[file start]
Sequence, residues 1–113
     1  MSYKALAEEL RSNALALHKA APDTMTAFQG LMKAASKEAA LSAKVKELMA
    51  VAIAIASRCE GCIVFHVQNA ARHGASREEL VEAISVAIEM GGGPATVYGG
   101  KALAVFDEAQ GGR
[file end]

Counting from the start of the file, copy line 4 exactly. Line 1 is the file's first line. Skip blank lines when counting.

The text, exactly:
   101  KALAVFDEAQ GGR